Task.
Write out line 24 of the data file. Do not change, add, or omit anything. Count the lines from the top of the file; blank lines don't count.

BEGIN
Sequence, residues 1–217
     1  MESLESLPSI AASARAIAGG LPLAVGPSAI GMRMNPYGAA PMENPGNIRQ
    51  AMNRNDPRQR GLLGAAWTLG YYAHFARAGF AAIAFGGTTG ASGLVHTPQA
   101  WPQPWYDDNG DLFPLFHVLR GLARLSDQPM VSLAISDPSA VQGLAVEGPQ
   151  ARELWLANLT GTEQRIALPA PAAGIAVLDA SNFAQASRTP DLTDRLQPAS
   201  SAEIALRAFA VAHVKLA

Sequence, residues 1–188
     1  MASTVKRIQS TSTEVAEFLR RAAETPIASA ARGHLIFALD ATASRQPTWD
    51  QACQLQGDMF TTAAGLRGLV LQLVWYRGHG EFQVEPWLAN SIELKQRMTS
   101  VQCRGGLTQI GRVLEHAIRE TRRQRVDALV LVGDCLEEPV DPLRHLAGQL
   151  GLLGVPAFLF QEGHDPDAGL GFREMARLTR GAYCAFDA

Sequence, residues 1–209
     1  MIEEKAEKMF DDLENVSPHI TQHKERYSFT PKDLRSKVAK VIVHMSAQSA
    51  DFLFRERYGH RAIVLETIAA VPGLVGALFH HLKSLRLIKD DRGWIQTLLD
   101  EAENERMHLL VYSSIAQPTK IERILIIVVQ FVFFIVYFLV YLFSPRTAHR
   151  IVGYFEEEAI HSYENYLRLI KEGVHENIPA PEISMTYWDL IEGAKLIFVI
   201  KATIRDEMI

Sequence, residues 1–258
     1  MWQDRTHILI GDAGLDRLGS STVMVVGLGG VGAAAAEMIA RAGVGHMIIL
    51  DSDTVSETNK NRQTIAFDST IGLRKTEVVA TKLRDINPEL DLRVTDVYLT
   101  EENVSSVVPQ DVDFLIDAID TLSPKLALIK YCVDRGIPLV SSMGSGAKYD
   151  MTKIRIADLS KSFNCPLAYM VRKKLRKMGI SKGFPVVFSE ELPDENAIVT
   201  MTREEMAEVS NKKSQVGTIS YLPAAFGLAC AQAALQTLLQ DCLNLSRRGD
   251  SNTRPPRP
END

   251  SNTRPPRP